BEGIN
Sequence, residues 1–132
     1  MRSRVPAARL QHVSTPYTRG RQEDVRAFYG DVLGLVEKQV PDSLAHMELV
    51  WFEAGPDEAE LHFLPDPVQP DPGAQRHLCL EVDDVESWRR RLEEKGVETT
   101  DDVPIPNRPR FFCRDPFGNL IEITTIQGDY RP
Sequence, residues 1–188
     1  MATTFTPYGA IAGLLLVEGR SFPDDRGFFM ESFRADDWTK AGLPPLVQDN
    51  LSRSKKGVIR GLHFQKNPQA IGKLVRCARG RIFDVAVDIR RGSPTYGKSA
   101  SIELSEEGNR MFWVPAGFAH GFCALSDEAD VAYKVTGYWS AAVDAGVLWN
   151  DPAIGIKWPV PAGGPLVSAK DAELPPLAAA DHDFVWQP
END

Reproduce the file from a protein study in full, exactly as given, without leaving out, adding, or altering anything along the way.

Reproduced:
Sequence, residues 1–132
     1  MRSRVPAARL QHVSTPYTRG RQEDVRAFYG DVLGLVEKQV PDSLAHMELV
    51  WFEAGPDEAE LHFLPDPVQP DPGAQRHLCL EVDDVESWRR RLEEKGVETT
   101  DDVPIPNRPR FFCRDPFGNL IEITTIQGDY RP
Sequence, residues 1–188
     1  MATTFTPYGA IAGLLLVEGR SFPDDRGFFM ESFRADDWTK AGLPPLVQDN
    51  LSRSKKGVIR GLHFQKNPQA IGKLVRCARG RIFDVAVDIR RGSPTYGKSA
   101  SIELSEEGNR MFWVPAGFAH GFCALSDEAD VAYKVTGYWS AAVDAGVLWN
   151  DPAIGIKWPV PAGGPLVSAK DAELPPLAAA DHDFVWQP